Agencies

[Federal Register Volume 79, Number 95 (Friday, May 16, 2014)]
[Notices]
[Pages 28591-28592]
From the Federal Register Online via the Government Printing Office [www.gpo.gov]
[FR Doc No: 2014-11345]


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DEPARTMENT OF TRANSPORTATION

Federal Railroad Administration

[Docket No. FRA-2000-7257, Notice No. 78]


Railroad Safety Advisory Committee; Charter Renewal

AGENCY: Federal Railroad Administration (FRA), Department of 
Transportation (DOT).

ACTION: Announcement of Charter Renewal of the Railroad Safety Advisory 
Committee (RSAC).

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SUMMARY: FRA announces the charter renewal of the RSAC, a Federal 
Advisory Committee that develops railroad safety regulations through a 
consensus process. This charter renewal will take effect on May 16, 
2014, and will expire after 2 years.

FOR FURTHER INFORMATION CONTACT: Larry Woolverton, RSAC Designated 
Federal Officer/Administrative Officer, FRA, 1200 New Jersey Avenue 
SE., Mailstop 25, Washington, DC 20590, (202) 493-6212; or Robert 
Lauby, Associate Administrator for Railroad Safety/Chief Safety 
Officer, FRA, 1200 New Jersey Avenue SE., Mailstop 25, Washington, DC 
20590, (202) 493-6474.

SUPPLEMENTARY INFORMATION: Pursuant to Section 10(a)(2) of the Federal 
Advisory Committee Act (Pub. L. 92-463), FRA is giving notice of the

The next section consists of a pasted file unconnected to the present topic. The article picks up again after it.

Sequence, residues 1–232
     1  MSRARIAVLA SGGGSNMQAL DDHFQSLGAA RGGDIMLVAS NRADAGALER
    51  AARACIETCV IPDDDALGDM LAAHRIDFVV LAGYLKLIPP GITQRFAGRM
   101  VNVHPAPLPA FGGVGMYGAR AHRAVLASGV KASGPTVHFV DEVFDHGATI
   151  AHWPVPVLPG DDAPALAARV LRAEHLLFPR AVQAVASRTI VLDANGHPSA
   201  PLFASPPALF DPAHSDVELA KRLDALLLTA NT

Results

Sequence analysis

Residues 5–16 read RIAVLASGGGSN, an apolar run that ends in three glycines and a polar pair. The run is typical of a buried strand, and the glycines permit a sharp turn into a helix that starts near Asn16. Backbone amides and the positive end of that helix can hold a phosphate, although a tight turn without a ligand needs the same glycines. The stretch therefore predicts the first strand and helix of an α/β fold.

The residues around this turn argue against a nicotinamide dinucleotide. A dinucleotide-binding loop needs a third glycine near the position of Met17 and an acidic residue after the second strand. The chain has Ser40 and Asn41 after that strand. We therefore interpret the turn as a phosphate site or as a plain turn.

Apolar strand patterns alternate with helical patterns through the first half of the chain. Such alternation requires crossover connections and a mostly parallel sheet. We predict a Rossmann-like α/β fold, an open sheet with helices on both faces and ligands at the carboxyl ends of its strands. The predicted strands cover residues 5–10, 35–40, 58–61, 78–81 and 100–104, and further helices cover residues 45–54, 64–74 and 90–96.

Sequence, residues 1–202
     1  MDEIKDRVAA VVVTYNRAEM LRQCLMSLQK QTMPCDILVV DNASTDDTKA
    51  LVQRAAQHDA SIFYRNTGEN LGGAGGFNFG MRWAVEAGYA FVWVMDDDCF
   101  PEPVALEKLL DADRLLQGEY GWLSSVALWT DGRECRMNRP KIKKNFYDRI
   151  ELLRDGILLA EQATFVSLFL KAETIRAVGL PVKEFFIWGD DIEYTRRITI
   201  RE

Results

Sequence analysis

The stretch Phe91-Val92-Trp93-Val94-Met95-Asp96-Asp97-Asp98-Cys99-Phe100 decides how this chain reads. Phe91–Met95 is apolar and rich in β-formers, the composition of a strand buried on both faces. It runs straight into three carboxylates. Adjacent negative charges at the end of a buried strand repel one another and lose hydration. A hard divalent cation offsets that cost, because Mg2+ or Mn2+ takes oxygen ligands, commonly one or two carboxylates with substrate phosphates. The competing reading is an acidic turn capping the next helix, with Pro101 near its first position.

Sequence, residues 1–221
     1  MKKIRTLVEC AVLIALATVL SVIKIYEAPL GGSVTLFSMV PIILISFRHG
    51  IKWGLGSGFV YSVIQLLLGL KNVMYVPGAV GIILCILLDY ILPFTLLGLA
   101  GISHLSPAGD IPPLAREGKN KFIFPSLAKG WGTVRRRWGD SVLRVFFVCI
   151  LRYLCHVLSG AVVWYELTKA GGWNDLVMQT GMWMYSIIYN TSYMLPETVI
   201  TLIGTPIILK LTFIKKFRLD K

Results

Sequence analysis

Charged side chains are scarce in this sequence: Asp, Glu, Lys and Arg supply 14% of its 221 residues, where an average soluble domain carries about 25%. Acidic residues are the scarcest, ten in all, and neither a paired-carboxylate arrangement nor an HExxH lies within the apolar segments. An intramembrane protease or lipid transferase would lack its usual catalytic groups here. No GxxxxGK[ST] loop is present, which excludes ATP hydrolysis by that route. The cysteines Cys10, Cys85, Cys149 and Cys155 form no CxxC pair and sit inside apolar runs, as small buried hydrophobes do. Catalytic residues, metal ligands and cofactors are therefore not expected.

charter renewal for the RSAC. The RSAC was established to provide 
advice and recommendations to FRA on railroad safety matters. The RSAC 
is composed of 62 voting representatives from 36 member organizations, 
representing various rail industry perspectives. In addition, there are 
non-voting advisory representatives from the agencies with railroad 
safety regulatory responsibility in Canada and Mexico, the National 
Transportation Safety Board, the Transportation Safety Administration, 
and the Federal Transit Administration. The diversity of the Committee 
ensures the requisite range of views and

[[Page 28592]]

expertise necessary to discharge its responsibilities. See the RSAC Web 
site for details on pending tasks at: https://rsac.fra.dot.gov/. Please 
refer to the notice published in the Federal Register on March 11, 
1996, 61 FR 9740, for additional information about the RSAC.

Robert C. Lauby,
Associate Administrator for Railroad Safety, Chief Safety Officer.
[FR Doc. 2014-11345 Filed 5-15-14; 8:45 am]
BILLING CODE 4910-06-P